Friday Jul 29 2011
High temperatures help local fruit
By: Billie Jean Salle Special to The News Messenger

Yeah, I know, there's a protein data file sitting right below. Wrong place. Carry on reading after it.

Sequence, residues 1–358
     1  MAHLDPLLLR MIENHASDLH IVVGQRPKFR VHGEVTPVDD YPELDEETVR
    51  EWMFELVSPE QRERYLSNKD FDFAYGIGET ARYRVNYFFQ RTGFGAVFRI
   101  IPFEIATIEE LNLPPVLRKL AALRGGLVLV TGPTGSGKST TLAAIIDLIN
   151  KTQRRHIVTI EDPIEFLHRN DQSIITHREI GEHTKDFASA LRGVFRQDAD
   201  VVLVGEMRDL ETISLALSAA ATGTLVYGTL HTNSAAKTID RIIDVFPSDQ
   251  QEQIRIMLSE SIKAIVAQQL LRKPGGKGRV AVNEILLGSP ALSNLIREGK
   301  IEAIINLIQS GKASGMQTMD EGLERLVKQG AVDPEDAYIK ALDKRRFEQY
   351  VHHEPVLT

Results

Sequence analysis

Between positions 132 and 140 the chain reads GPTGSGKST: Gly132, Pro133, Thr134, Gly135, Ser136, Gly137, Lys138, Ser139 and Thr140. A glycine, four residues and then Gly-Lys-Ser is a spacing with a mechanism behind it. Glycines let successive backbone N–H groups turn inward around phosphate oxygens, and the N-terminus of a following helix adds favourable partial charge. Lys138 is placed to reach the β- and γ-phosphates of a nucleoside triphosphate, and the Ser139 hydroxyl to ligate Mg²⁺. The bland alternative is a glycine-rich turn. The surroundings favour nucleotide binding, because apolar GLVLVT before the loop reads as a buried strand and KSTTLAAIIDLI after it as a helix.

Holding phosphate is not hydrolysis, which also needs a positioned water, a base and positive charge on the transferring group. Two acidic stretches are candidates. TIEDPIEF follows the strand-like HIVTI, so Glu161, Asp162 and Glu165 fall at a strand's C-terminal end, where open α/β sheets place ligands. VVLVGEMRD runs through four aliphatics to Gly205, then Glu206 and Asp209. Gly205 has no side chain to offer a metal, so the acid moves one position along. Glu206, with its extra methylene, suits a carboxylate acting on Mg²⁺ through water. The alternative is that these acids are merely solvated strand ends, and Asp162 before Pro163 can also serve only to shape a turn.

Heat is sweet! I know it is hard to convince yourself all this heat is really necessary but just wait until you taste the fruit. Wow! What a difference a few warm days make. We farmers were getting pretty discouraged lately with the unseasonably cool weather. Nothing was ripening on time, the fruit size was smaller and the flavor was less than spectacular. But now, after a week of higher temperatures, we are slammed with produce. Last week, we were behind schedule and, by next week, we will be drowning in produce. We will be going crazy trying to pick and sell everything before it gets over ripe. For you, the consumer, that means better-tasting fruit, more choices and some fantastic “heat wave sales.” Peaches in particular will be outstanding in flavor and price. Be sure to ask for a sample before you make your purchases because you may want to buy extra. Tomatoes, tomatoes and more tomatoes, especially the Sun Gold cherry tomatoes and the red sweet 100's taking over the gardens. Gordon from Willow Creek said he could pick all day and still not get them all picked. The heirloom tomatoes are just taking their time but will be arriving soon. As for us, that is how we feel about the blackberries: we pick in the morning and, by evening, have to pick again. We are getting a huge amount from our little patch. But I'd rather pick blackberries than cherry tomatoes. It seems there is never an end to tomatoes. And besides, I like to sample as I pick and I do love blackberries. Squash is loving the warmer weather and is another crop that you could pick twice a day to keep it manageable. The good thing about squash is .... everything. It can be eaten morning, noon and night and even for dessert. I was given a fantastic squash recipe last week that was unbelievable. Squash Pie. You would swear it was an apple pie. This very unique pie was enjoyed by all who were lucky enough to get a bite. Speaking of apples, yes they are ripening too. We have started picking the Ginger Gold apple, which is similar to an early Golden Delicious but denser with a nice flavor. Apricots are history. Sadly, the heat picked the remainder of the crop. I just hope we got enough dried for the winter. Pears are just getting sugar and will be ready soon. Strangely enough, plums are slow to ripen and are in short supply now. It is time to get your canning jars ready because the peak of canning season is upon us. Cucumbers for pickling are perfect and not showing any signs of heat stress. Best get them before they become stressed and bitter. Cucumbers are so healthy for your system because they help naturalize the acid and lower PH levels. Try slicing them on a sandwich with a little cream cheese; it’s very light and refreshing. Sweet corn has been great and both white and yellow are available. Garden beans are literally being picked by the five-gallon bucketfuls. Do you realize how much labor and time that takes? Next time you’re checking out the green beans, think of the farmers bending or crawling on their knees and picking them one by one! The farmers have earned every cent they charge for that bean. The large commercial growers machine harvest their beans in minutes. A human hand doesn't even touch them. The real heat lovers of the garden, peppers, eggplants and okra; have flooded the market in only a week. Yes, it is finally summer! I love to walk the Downtown Lincoln Farmers’ Market every Thursday through Aug. 25 and enjoy the different tables and appreciate the hard work of our dedicated farmers. The Farmers’ Market is on F Street, between 5th and 6th streets and at Beermann Plaza. Take a moment, stand back and admire the beautiful colors, textures and aromas of summer, and say thank you. Thank you for doing this for me. You have fresh, locally grown, just-picked fruits and vegetables bursting with nutrients right there in front of you. Your choices are endless and you can feel secure knowing where your next meal is coming from and knowing the proud farmer who grew it. Billie Jean Salle is the Sierra Fresh Farmers manager.